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Keep on trucking: Dropbox's Magic Pocket and the curse of the loading bay

Want to build a storage cloud? How many trucks can you unload in a day?

It's not something the average sysadmin has to worry about, but when you're rolling out terabyte after terabyte into a data centre with a presto time signature, the loading bay becomes a bottleneck.

That's the kind of thing Dropbox faced in its rapid-fire move to build its own cloud outside the warm embrace of Amazon Web Services.

Anybody who's worked in stadium rock will sympathise with the problem: indoors, there's a bunch of empty space to be filled; outside, there's more than one semi-trailer; and between them, there's one bay you can reverse a semi-trailer into.

Physical logistics, Dropbox storage team lead James Cowling, were an unexpected challenge in the company's Magic Pocket project, which sucked 500 petabytes of 500 million users' worth of customer data into in-house data centres.

It's been billed as Dropbox “getting off the cloud”, but in conversation with Vulture South, Cowling agreed that from the user's point of view, Dropbox has become its own cloud.

Until the Magic Pocket project, Cowling said, Dropbox had operated a hybrid model: “business logic, databases and Web services ran on our own data centres,” he said, with AWS acting as the bulk data store.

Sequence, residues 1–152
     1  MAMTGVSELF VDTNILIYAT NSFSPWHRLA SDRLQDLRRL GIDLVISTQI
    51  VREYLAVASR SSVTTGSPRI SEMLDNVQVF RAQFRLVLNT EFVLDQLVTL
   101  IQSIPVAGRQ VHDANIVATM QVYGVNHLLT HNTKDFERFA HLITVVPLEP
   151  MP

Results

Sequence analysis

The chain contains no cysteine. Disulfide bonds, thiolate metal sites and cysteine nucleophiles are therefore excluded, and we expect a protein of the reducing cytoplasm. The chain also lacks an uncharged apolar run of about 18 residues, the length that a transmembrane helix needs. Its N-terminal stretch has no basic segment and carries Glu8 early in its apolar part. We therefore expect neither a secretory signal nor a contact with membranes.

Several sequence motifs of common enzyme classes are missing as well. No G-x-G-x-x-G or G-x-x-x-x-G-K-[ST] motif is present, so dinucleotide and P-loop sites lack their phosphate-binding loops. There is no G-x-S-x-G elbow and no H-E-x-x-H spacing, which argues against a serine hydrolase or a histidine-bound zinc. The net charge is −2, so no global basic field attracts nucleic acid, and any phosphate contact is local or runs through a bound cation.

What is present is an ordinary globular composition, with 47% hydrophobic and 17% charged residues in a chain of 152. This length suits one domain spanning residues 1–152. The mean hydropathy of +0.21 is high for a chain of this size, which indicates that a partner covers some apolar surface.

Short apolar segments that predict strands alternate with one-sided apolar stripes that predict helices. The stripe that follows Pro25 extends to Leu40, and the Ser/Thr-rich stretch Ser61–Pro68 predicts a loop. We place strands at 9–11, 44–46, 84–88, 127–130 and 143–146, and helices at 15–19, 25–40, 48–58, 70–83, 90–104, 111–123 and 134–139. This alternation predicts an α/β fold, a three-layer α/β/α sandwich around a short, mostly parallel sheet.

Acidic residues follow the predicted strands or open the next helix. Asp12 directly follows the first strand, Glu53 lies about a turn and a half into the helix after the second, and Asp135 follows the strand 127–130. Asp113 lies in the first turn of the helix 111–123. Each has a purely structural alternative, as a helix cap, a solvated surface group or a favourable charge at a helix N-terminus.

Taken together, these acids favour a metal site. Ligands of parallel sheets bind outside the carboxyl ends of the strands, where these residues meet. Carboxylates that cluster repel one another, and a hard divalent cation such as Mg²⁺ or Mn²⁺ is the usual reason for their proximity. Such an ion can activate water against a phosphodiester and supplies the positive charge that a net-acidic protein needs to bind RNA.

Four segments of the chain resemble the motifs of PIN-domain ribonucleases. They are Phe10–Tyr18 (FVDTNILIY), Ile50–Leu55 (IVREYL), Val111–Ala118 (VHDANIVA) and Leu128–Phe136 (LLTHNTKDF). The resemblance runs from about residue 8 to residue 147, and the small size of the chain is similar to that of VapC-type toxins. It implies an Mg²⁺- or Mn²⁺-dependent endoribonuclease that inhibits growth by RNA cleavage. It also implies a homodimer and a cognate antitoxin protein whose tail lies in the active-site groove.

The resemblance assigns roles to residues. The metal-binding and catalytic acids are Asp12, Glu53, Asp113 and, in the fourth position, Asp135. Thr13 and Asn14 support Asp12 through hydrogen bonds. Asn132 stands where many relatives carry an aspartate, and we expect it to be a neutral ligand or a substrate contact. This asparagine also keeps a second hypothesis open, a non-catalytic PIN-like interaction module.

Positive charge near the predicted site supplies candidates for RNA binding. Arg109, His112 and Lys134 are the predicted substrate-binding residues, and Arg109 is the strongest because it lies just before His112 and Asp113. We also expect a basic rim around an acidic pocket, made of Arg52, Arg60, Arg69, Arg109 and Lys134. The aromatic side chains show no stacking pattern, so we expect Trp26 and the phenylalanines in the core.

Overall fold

The switch to running the storage infrastructure in-house was, Cowling reckons, the biggest-ever migration away from a cloud service.

And until that time, the Australian expat (he encountered Dropbox people while studying for his MIT PhD) was used to thinking of mass storage in strictly Comp. Sci. terms, he told Vulture South.

“When I was doing my PhD in storage and distributed systems, I never had to think about what fits in the loading bay,” he said.

Creating such a big cloud in a short time – Magic Pocket was a two-and-a-half year project, but there are wrinkles in that we'll get to in a minute – changed that.

With between 30 and 40 racks to plug in each day, there were “a lot of interesting conversations about how to pull them into the data centre”.

It's not just about looking down a string of empty bays in the data centre, and telling the storage equivalent of road crew where to put things.

“The racks have to be in different hardware failure domains, plugged into different power supplies, different circuit breakers, different network connections,” he said.

And the supply chain management had to cope with Dropbox's oft-recounted Bad Hair Day story, when two semi-trailers full of disks crashed in a single week.

Next page: Design and build

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